In re Will of Ranney
Supreme Court of New Jersey
589 A.2d 1339 (1991)
Russell G. Ranney signed the fourth page of his will in the presence of his wife, Betty (objector), two witnesses and a notary. Immediately after witnessing Ranney sign his will, the two witnesses and the notary signed a self-proving affidavit on the fifth page. The affidavit confirmed Russell’s knowing and willing execution of his will and stated that the witnesses had “signed the Will as witnesses.” The affidavit the witnesses signed did not follow the form of self-proving will provided under N.J.S.A. 3B:3‑4, which integrates the attestation clause of the will into the self-proving affidavit. Instead, the witnesses signed an affidavit that followed the form set out in N.J.S.A. 3B:3‑5, which is a separate document from the will to be signed subsequent to the valid execution of the will. Consequently, the witnesses signed only the affidavit and not the will, as required by N.J.S.A. 3B:3‑2. Russell’s will devised the residue of his estate in trust to Betty, his attorney, and his son-in-law, Henry Bass (proponent). The will also devised the trust income, in thirty-two percent shares, as well as equal shares in the net income from the Ransco Corporation, to Betty and Russell’s two children, Harland Ranney (proponent) and Suzanne Bass (proponent) and the remaining four percent to Betty’s daughter, Nancy Orlow. Betty also received a life estate in certain real property interests. Upon Betty’s death, the real property interests would pass to the Ranney School. Similarly, Betty’s interest in the net income from the Ransco Corporation would pass on her death to Harland Ranney and Suzanne Bass, and on their deaths to the Ranney School. Harland Ranney, Suzanne Bass, Henry Bass and the Ranney School sought admission of the will to probate and Betty opposed probate, claiming the will did not comply with statutory formalities because the witnesses did not sign the will. The Monmouth County Surrogate Court admitted the will to probate and the Appellate Division affirmed, holding that the signatures on the affidavit constituted signatures on the will.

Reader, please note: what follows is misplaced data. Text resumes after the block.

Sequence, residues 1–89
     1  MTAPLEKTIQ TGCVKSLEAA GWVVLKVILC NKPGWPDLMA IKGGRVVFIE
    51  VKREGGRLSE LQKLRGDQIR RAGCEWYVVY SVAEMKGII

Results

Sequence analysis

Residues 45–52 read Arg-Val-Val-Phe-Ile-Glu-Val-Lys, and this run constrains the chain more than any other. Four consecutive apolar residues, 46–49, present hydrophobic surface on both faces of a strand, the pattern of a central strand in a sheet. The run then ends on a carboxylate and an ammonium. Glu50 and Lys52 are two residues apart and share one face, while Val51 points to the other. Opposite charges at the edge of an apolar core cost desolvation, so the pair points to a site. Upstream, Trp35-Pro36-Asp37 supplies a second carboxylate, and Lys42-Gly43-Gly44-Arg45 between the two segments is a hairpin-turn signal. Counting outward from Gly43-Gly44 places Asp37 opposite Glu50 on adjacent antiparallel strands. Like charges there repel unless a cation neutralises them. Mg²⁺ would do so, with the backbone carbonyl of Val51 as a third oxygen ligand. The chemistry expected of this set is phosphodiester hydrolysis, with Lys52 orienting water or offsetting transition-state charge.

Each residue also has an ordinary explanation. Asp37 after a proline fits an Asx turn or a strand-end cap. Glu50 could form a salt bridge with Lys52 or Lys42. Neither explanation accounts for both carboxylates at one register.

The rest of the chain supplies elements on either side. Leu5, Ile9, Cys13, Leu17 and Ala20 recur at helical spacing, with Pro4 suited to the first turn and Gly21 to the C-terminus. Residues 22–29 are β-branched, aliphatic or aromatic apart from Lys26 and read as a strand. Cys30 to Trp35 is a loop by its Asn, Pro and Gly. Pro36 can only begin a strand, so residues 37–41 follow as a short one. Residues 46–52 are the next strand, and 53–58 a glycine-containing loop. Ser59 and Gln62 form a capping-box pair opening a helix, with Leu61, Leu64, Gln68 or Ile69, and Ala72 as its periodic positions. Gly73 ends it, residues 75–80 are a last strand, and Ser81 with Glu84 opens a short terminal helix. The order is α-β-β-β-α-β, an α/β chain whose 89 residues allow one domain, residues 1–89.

Rule of Law
Holding and Reasoning (Pollock, J.)
What to do next…
Unlock this case brief with a free (no-commitment) trial membership of Quimbee.
You’ll be in good company: Quimbee is one of the most widely used and trusted sites for law students, serving more than 97,000 law students since 2011. Some law schools—such as Yale, Vanderbilt, Berkeley, and the University of Illinois—even subscribe directly to Quimbee for all their law students. Read our student testimonials.
Learn more about Quimbee’s unique (and proven) approach to achieving great grades at law school.
Quimbee is a company hell-bent on one thing: helping you get an “A” in every course you take in law school, so you can graduate at the top of your class and get a high-paying law job. We’re not just a study aid for law students; we’re the study aid for law students. Read more about Quimbee.
Here's why 166,000 law students have relied on our case briefs:
- Written by law professors and practitioners, not other law students. 13,800 briefs, keyed to 187 casebooks. Top-notch customer support.
- The right amount of information, includes the facts, issues, rule of law, holding and reasoning, and any concurrences and dissents.
- Access in your classes, works on your mobile and tablet. Massive library of related video lessons and high quality multiple-choice questions.
- Easy to use, uniform format for every case brief. Written in plain English, not in legalese. Our briefs summarize and simplify; they don’t just repeat the court’s language.